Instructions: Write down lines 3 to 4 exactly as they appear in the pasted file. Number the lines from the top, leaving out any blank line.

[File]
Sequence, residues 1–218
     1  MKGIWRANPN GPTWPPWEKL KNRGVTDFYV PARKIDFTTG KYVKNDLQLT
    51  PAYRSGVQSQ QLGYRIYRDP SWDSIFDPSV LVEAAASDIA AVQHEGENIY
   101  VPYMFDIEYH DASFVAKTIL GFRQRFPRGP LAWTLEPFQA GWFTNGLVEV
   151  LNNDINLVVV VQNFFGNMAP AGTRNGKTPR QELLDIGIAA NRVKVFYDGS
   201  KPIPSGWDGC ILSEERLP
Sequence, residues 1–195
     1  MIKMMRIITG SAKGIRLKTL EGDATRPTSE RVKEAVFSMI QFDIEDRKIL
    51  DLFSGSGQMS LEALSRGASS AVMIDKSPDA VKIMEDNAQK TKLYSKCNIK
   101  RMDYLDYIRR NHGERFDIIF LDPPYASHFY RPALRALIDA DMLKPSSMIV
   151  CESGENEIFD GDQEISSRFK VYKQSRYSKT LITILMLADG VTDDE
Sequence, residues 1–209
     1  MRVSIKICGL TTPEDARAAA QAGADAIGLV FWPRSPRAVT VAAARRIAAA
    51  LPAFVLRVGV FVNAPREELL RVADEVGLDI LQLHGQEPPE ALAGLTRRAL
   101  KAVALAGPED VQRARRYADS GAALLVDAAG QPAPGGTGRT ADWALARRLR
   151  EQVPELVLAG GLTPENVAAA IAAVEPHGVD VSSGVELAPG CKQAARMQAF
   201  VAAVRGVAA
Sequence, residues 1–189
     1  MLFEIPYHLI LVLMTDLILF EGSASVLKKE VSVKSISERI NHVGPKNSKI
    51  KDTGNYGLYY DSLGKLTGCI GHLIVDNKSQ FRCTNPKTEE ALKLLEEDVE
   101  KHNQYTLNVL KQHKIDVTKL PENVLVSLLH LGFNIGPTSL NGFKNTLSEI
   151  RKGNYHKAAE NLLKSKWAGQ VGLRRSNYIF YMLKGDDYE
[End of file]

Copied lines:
    51  PAYRSGVQSQ QLGYRIYRDP SWDSIFDPSV LVEAAASDIA AVQHEGENIY
   101  VPYMFDIEYH DASFVAKTIL GFRQRFPRGP LAWTLEPFQA GWFTNGLVEV